Two research teams at the University of New South Wales have taken us a step closer to building super powerful quantum computers and putting them in your hands.
The teams have created two types of quantum bits, or qubits. Qubits are the building blocks for quantum computers. These qubits are not only super fast, but also super accurate, with each processing data with an accuracy above 99%. Menno Veldhorst of UNSW says, “It is really amazing that we can make such an accurate qubit using pretty much the same devices as we have in our laptops and phones.”
“For quantum computing to become a reality we need to operate the bits with very low error rates,” says Andrew Dzurak, Director of the Australian National Fabrication Facility at UNSW. “We’ve now come up with two parallel pathways for building quantum computers in silicon, each of which shows this super accuracy,” adds Andrea Morello from UNSW’s School of Electrical Engineering and Telecommunications.
Dzurak explains that, “even though methods to correct errors do exist, their effectiveness is only guaranteed if the errors occur less than 1% of the time. Our experiments are among the first in solid-state, and the first-ever in silicon, to fulfill this requirement.”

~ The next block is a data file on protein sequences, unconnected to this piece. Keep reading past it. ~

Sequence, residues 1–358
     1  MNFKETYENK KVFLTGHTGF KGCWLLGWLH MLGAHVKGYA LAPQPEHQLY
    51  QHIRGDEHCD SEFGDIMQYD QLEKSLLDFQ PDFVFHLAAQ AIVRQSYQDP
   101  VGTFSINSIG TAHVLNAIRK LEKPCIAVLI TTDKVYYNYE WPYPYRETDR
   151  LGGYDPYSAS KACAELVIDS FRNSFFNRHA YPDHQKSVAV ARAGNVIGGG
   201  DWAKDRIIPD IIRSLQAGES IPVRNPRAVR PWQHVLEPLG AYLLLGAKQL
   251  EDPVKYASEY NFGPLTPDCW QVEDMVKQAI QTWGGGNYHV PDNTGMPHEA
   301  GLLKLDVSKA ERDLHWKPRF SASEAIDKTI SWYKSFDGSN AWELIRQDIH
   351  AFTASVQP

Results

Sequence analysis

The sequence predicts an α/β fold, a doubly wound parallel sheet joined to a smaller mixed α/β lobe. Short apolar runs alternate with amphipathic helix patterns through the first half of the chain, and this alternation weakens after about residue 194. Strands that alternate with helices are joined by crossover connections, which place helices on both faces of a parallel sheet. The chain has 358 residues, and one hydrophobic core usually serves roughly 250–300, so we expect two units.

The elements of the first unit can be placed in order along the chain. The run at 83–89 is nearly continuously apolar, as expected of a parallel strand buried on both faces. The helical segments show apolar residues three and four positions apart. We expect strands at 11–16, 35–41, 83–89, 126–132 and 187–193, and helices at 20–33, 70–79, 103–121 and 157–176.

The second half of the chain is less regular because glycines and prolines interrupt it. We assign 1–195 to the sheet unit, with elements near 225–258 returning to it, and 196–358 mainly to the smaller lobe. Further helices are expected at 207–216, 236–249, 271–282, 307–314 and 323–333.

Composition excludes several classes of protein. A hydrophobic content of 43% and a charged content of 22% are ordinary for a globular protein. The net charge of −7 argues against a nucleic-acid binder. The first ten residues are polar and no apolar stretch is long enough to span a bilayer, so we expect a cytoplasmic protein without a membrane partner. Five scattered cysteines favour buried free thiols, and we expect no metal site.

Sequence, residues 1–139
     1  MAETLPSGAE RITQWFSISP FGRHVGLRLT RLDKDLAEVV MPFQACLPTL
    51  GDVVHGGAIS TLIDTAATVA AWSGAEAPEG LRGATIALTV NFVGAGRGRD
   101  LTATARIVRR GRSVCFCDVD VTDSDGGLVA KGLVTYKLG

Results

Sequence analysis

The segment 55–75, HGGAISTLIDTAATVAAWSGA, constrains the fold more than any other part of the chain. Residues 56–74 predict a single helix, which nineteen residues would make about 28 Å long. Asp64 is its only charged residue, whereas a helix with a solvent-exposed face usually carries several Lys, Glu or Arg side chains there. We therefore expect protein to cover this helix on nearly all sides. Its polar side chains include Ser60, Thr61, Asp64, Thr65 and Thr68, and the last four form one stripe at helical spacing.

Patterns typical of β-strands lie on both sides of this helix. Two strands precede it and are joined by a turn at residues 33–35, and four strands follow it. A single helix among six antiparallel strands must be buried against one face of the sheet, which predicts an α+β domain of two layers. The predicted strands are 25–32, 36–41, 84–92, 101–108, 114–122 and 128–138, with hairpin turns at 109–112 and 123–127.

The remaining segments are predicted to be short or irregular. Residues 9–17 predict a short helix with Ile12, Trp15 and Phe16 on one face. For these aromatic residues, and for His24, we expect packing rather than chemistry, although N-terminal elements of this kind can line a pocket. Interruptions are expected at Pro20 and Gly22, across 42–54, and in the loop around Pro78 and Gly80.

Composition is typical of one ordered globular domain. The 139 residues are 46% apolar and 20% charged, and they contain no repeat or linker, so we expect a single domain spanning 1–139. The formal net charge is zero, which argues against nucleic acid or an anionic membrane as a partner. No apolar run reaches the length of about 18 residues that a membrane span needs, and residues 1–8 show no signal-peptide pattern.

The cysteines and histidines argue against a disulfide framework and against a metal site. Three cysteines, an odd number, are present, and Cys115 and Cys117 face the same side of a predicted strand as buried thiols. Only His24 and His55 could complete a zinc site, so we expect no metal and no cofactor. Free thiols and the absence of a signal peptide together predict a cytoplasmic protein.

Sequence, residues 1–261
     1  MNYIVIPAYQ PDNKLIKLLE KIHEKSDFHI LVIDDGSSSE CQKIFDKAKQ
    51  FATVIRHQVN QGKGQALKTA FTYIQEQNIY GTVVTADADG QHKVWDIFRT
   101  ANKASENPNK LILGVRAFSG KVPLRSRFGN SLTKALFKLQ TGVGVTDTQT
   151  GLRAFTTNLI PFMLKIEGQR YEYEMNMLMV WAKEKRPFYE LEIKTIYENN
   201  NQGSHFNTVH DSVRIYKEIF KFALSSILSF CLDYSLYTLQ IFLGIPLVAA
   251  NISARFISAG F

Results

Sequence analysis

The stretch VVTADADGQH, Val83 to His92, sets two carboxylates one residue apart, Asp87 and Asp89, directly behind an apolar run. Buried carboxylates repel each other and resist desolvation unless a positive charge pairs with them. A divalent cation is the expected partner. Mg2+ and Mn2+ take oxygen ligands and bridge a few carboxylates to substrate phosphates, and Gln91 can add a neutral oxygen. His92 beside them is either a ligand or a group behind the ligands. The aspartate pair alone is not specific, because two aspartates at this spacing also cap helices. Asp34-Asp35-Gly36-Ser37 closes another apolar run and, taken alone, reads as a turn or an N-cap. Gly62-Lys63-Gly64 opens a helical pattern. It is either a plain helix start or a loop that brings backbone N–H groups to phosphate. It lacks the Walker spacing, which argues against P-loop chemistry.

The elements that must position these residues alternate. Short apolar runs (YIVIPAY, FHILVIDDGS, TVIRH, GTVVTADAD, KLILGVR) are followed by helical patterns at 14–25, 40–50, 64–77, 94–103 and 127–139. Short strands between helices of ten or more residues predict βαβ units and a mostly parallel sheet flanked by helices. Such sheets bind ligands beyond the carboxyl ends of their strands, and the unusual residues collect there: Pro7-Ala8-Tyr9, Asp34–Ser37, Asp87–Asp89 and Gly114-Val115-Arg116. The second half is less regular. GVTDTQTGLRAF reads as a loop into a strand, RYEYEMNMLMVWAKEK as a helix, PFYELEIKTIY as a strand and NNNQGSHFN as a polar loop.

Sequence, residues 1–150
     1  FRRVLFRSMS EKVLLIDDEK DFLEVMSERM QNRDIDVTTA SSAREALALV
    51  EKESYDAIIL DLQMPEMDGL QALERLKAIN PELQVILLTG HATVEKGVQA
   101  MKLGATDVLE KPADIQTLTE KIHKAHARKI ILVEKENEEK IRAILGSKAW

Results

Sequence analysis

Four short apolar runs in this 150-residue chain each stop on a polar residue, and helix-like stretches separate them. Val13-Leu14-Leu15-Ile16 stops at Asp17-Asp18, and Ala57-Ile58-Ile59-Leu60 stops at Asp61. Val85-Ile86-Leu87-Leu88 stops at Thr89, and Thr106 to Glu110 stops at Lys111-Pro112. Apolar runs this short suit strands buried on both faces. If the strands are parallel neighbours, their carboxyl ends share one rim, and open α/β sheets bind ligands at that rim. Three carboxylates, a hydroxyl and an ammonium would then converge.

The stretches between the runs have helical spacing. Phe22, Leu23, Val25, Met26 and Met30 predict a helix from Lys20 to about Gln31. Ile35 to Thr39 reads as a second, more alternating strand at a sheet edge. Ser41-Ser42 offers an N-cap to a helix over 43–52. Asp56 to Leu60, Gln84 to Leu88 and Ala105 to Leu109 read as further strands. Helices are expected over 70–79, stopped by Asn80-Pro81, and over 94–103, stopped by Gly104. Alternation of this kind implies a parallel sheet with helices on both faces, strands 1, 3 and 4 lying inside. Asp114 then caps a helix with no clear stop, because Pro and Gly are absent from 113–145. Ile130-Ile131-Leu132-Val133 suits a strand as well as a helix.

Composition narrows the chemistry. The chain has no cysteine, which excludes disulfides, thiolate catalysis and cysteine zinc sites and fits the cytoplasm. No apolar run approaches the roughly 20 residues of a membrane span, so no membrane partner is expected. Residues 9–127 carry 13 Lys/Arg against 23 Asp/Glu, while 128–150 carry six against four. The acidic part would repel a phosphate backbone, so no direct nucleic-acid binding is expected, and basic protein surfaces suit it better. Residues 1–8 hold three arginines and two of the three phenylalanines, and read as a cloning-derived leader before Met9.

Morello’s research team also established a world-record “coherence time” for a single quantum bit held in solid state. “Coherence time is a measure of how long you can preserve quantum information before it’s lost,” Morello says. The longer the coherence time, the easier it becomes to perform long sequences of operations, and therefore more complex calculations. In other words, this is probably how our computers will work in the not-so-distant future.
The work of both research teams has been published in the journal Nature Nanotechnology.
Associate Professor Morello and Scientia Professor Dzurak are at the School of Electrical Engineering & Telecommunications, UNSW Australia. They are team leaders at the ARC Centre of Excellence for Quantum Computation and Communication Technology, headquartered at UNSW. The quantum bit devices were constructed at UNSW at the Australian National Fabrication Facility, with support from researchers at the University of Melbourne and the Australian National University. The research was funded by: the Australian Research Council, the US Army Research Office, the NSW Government, UNSW Australia and the University of Melbourne.